This morning's jobs report was stunningly weaker than expected, with NFP coming in at 74k vs a consensus forecast of 196k. As far as misses go, this was a big one, eclipsing the the last major example in April, when March's NFP came in at 88k vs 200k. History may be the guide that's preventing a more frenzied reaction as that 88k was ultimately revised to 176k two months later.
All that having been said, the reaction has still been strongly positive for bonds. 10yr yields are down to 2.88's and Fannie 4.0s are up 20 ticks. But the news isn't exclusively positive.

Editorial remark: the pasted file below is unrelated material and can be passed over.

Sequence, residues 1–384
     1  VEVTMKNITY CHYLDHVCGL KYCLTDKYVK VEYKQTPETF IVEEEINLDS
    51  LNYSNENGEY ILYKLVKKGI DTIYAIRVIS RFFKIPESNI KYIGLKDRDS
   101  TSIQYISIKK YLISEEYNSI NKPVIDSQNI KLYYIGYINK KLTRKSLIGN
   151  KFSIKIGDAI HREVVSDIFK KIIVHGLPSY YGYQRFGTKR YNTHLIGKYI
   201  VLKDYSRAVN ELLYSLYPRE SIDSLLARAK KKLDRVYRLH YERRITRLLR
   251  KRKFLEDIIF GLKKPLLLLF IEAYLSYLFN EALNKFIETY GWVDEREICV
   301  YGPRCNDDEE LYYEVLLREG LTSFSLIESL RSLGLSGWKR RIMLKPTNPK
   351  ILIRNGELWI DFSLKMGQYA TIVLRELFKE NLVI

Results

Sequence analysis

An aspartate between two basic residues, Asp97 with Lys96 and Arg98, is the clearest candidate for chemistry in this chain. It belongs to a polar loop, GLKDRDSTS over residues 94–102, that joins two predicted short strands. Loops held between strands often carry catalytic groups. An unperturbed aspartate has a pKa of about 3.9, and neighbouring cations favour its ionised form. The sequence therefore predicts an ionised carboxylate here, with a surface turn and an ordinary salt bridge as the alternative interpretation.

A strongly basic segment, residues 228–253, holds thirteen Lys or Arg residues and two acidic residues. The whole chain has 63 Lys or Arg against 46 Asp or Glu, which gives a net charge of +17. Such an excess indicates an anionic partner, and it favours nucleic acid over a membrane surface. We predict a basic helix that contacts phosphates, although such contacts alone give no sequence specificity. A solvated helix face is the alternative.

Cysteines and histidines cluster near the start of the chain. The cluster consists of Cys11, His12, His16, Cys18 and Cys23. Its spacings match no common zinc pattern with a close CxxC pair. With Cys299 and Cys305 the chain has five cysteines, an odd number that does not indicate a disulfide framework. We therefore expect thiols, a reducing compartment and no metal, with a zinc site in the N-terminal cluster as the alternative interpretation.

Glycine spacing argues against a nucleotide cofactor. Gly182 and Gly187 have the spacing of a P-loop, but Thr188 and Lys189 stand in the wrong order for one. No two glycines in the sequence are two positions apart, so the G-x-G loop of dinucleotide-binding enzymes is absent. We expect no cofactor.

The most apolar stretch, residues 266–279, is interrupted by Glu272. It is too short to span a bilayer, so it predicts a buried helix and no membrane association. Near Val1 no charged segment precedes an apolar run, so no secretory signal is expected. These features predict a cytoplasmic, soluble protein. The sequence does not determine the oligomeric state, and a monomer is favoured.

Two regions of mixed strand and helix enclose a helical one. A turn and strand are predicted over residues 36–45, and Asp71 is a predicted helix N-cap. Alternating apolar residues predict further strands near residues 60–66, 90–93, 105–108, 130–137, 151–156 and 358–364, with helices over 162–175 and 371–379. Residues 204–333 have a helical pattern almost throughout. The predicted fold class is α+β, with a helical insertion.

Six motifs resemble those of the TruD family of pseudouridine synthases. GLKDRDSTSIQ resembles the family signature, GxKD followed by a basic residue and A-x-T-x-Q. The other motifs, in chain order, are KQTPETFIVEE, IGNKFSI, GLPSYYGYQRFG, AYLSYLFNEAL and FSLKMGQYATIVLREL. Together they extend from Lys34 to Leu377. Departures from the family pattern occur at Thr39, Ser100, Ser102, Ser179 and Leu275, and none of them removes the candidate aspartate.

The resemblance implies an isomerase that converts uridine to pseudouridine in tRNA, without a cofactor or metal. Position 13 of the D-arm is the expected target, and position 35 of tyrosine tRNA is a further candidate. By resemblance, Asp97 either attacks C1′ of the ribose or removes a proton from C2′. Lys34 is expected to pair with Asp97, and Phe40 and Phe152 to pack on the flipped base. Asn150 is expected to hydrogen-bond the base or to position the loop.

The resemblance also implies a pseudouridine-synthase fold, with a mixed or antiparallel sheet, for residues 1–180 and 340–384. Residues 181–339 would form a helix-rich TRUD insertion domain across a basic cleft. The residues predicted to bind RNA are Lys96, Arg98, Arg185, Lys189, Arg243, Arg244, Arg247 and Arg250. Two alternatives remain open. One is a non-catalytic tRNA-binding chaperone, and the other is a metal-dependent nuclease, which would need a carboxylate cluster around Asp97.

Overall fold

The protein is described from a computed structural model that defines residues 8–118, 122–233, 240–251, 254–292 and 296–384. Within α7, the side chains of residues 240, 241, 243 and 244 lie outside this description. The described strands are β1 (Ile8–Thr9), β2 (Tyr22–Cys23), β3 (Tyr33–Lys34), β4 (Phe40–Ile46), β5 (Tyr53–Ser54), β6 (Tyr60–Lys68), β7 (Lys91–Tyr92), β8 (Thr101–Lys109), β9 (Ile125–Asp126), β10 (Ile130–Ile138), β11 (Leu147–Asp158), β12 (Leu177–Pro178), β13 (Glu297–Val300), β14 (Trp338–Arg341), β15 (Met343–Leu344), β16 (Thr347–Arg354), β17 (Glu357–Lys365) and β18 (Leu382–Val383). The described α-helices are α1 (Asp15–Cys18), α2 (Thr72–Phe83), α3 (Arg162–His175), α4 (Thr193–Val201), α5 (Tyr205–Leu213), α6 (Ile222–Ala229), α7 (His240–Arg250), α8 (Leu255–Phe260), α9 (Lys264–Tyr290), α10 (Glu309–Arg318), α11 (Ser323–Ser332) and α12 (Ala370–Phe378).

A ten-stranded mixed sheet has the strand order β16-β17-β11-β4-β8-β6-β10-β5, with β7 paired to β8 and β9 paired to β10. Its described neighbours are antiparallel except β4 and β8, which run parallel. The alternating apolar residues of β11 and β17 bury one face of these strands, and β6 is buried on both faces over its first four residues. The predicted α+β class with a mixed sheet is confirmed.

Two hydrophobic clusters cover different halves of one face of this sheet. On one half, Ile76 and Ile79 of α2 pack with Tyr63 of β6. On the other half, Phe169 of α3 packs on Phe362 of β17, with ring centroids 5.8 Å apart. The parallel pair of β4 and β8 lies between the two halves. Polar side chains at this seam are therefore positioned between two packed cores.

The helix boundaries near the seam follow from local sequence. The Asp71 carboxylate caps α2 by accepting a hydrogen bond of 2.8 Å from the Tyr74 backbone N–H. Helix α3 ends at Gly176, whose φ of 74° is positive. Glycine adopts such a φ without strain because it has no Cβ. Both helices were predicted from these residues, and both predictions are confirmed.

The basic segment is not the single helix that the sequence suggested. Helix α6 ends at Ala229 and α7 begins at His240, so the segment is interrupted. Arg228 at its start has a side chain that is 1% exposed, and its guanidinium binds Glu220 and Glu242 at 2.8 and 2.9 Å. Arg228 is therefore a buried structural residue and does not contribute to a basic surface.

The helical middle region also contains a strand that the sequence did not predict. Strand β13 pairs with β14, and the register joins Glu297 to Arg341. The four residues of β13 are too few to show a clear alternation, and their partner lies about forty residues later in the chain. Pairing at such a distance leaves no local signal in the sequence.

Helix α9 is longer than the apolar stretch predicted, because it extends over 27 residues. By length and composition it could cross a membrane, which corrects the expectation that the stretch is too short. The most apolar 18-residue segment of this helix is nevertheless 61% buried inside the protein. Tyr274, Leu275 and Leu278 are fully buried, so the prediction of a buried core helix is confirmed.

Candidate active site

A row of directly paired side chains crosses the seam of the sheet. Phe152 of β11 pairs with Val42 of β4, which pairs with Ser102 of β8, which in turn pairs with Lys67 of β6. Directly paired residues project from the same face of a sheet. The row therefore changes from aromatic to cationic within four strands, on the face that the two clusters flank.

On a practical level, we can plainly see that 20 ticks (20/32nds) = .625. While it's standard operating procedure for lenders not to pass along the full breadth of MBS gains right away, the relatively small improvements on some rate sheets (.125-.25) is disconcerting.
On a technical level, and looking specifically at Treasuries, it could also be disconcerting that we're hitting resistance at 2.88, despite it being encouraging to break the longer-term uptrend.
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